Low and moderate income residents who are struggling to pay their rent or utilities are encouraged by the Dutchess County Department of Community and Family Services (DCFS) to apply for assistance through the PIU.

In a DCFS press release on Thursday, June 3, Commissioner Sabrina Jaar-Marzouka explained:

The COVID-19 pandemic has affected many of our most vulnerable residents, but help remains available to help residents in need stay in their homes. We urge those seeking assistance to take advantage of all available options to consolidate their housing stability.

Program assistance can include up to 12 months of past due rent, and for some, up to three months of future rent, as well as up to 12 months of past due electricity or gas bills. In order to be eligible for ERAP assistance, residents of Dutchess County must meet the following criteria:

  • Gross household income equal to or less than 80% of median income in the region, which varies by county and household size
  • A household member received unemployment benefits or suffered a reduction in income, incurred significant costs, or experienced financial hardship, directly or indirectly, as a result of the COVID-19 pandemic
  • The applicant owes rent in arrears at their current residence.

Payments subsidized by the ERAP will always be issued directly to the owner or utility provider.

Program applications can be submitted directly using this link, and additional details on the New York State Emergency Rental Assistance Program are available at Dutchess County Department of Community and Family Services website, or by phone at (844) 691-7368.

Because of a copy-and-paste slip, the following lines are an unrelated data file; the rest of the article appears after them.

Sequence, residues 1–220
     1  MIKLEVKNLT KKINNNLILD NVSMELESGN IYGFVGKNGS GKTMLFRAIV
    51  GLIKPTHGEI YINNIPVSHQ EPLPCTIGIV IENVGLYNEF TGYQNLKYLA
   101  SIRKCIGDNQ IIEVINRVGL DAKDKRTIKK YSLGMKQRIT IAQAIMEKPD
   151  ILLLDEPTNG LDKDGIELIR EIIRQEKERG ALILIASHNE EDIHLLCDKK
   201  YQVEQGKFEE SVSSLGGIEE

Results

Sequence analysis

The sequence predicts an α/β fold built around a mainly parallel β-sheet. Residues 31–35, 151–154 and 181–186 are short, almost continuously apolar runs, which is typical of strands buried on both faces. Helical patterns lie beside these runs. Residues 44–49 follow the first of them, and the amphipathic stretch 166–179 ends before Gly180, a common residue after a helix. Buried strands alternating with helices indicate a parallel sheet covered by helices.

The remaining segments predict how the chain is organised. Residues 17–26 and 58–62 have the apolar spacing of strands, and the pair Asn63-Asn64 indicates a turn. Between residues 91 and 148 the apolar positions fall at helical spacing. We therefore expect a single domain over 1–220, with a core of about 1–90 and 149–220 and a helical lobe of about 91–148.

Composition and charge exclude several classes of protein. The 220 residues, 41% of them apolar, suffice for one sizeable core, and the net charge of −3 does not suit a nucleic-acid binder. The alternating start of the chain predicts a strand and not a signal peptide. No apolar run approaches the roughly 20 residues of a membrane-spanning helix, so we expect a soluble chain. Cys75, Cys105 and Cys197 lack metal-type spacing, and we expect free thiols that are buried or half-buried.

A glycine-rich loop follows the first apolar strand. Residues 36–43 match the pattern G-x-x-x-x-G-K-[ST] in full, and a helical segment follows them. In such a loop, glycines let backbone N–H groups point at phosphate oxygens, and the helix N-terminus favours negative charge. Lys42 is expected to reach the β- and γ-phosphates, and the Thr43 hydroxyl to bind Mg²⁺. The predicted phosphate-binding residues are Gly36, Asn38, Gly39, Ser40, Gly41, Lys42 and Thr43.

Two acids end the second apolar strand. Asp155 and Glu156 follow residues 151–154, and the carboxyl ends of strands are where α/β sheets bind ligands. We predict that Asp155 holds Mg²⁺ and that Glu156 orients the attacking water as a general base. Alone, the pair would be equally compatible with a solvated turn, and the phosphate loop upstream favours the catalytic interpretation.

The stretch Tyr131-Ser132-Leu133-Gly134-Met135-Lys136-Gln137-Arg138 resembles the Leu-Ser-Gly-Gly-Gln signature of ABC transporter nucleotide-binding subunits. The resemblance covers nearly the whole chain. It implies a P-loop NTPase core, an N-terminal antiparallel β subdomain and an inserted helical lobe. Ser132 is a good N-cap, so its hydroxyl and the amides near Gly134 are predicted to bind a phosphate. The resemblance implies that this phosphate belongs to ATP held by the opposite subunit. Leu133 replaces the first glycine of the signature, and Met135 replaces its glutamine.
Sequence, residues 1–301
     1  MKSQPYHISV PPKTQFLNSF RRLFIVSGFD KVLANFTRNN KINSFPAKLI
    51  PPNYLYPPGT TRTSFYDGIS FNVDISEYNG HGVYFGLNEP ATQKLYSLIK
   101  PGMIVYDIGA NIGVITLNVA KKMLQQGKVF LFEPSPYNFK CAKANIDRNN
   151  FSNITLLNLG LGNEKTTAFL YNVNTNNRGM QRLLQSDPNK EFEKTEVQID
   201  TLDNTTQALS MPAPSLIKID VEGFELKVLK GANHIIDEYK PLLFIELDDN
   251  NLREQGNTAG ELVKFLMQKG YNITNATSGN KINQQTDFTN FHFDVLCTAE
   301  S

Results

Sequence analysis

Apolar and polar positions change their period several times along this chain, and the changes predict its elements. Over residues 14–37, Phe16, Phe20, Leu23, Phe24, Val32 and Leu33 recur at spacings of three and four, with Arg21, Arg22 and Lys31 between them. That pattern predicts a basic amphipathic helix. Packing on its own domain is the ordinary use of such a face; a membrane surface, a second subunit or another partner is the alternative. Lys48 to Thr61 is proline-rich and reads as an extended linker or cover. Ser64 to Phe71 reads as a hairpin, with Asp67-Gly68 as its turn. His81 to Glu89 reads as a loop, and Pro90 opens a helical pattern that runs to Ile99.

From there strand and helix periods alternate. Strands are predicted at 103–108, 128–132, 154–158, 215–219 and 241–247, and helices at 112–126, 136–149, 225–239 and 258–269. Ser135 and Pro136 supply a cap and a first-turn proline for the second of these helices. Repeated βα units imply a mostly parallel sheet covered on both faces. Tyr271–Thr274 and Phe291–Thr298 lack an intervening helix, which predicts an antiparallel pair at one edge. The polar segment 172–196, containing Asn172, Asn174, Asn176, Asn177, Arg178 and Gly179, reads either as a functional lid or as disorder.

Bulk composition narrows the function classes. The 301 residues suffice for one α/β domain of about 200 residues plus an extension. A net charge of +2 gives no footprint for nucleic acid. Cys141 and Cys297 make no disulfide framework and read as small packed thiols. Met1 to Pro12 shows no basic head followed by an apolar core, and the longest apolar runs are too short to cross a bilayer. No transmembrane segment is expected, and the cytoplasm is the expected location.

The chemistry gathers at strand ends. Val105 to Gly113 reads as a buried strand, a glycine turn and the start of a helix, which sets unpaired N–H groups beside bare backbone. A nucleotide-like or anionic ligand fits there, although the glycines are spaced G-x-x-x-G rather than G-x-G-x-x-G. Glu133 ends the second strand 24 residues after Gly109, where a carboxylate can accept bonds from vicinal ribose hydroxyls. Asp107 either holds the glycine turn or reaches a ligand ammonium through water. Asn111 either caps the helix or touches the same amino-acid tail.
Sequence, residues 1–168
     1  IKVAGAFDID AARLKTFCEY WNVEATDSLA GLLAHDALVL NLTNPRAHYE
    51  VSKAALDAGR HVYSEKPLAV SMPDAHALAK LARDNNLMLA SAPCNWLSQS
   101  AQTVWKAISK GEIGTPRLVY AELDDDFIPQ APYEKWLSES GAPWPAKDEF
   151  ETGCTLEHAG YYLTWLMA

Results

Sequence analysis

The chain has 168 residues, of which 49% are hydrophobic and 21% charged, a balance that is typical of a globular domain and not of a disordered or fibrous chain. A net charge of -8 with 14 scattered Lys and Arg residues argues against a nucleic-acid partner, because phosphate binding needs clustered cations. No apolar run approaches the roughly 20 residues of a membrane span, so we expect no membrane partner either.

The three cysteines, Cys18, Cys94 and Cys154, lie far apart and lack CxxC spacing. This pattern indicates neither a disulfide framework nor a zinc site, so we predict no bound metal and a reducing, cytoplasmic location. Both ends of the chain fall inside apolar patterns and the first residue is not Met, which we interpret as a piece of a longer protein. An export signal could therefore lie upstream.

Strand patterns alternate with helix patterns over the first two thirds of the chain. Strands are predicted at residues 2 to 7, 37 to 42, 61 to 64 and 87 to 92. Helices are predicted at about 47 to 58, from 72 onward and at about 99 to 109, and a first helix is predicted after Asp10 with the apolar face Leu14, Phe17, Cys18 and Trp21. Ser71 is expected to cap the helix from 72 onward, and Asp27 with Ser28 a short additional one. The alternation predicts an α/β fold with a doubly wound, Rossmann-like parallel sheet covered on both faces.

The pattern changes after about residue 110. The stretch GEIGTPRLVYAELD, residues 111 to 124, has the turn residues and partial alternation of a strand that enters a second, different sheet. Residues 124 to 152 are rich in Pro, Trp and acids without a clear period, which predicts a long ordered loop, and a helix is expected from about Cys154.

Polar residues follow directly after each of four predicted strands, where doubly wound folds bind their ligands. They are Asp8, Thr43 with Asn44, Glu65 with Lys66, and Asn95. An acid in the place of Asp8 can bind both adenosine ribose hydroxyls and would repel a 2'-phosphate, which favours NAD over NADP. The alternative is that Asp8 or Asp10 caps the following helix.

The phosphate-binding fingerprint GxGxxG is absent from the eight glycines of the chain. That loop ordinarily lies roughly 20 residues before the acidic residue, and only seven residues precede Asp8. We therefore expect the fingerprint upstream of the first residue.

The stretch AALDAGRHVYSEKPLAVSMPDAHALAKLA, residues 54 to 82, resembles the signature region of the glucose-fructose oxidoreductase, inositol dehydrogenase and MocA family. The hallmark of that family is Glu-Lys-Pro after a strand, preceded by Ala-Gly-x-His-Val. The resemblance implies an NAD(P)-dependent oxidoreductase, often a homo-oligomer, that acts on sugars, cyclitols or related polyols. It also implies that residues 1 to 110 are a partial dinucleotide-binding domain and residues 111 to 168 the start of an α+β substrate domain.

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Cuomo and state lawmakers agree on many new rules for New York state

New York lawmakers have passed a $ 212 billion budget that includes nearly $ 4 billion in new taxes, legal sports betting, record-breaking school aid and more.

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Vacant buildings on Route 37 in Toms River, New Jersey https://artlini.net/vacant-buildings-on-route-37-in-toms-river-new-jersey/ Thu, 03 Jun 2021 07:00:49 +0000 https://artlini.net/vacant-buildings-on-route-37-in-toms-river-new-jersey/

Our last real estate question concerns this former 7-11 on Route 37 in Toms River. This site is currently dark and has been closed for a while. It is a busy section of Route 37 near Lakehurst Road. Recently we have seen several 7-11s close in Ocean County.

We usually throw the question “what’s next?” And it’s the same with this place. Whether the existing building is used, whether the old 7-11 or 7-11 is demolished and a new building is constructed… what do you think is the best idea for this location? So many vacant lots and buildings here in Ocean County, we have to start rebuilding these areas… a little sitting park would be better than an old, decaying vacant building, okay?

Listen to Shawn Michaels’ Mornings on 92.7 WOBM and download our free 92.7 WOBM app.

The funny thing about this place is that it was a place I used to go as a kid with my friends to get treats at 7-11. Summer was always a walk until 7-11 with our change (money) to grab a slurpee and maybe a few pennies of candy. I remember the bazooka chewing gum was a favorite. Every once in a while when we went on our 7-11 trip we would get baseball cards and then sit outside on the sidewalk and “flip” our cards. Childhood sports game lol and sometimes you won and sometimes you lost all of your baseball cards lol. Another thing we loved about 7-11 was “wacky packages”Always fun to collect stickers.

Sad to see the old dark and vacant hangout, it’s been a while… guess I haven’t noticed it recently. Now I want a slurpee lol

Post your comments below

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Four charming villages in the Luberon in France https://artlini.net/four-charming-villages-in-the-luberon-in-france/ Wed, 02 Jun 2021 13:55:41 +0000 https://artlini.net/four-charming-villages-in-the-luberon-in-france/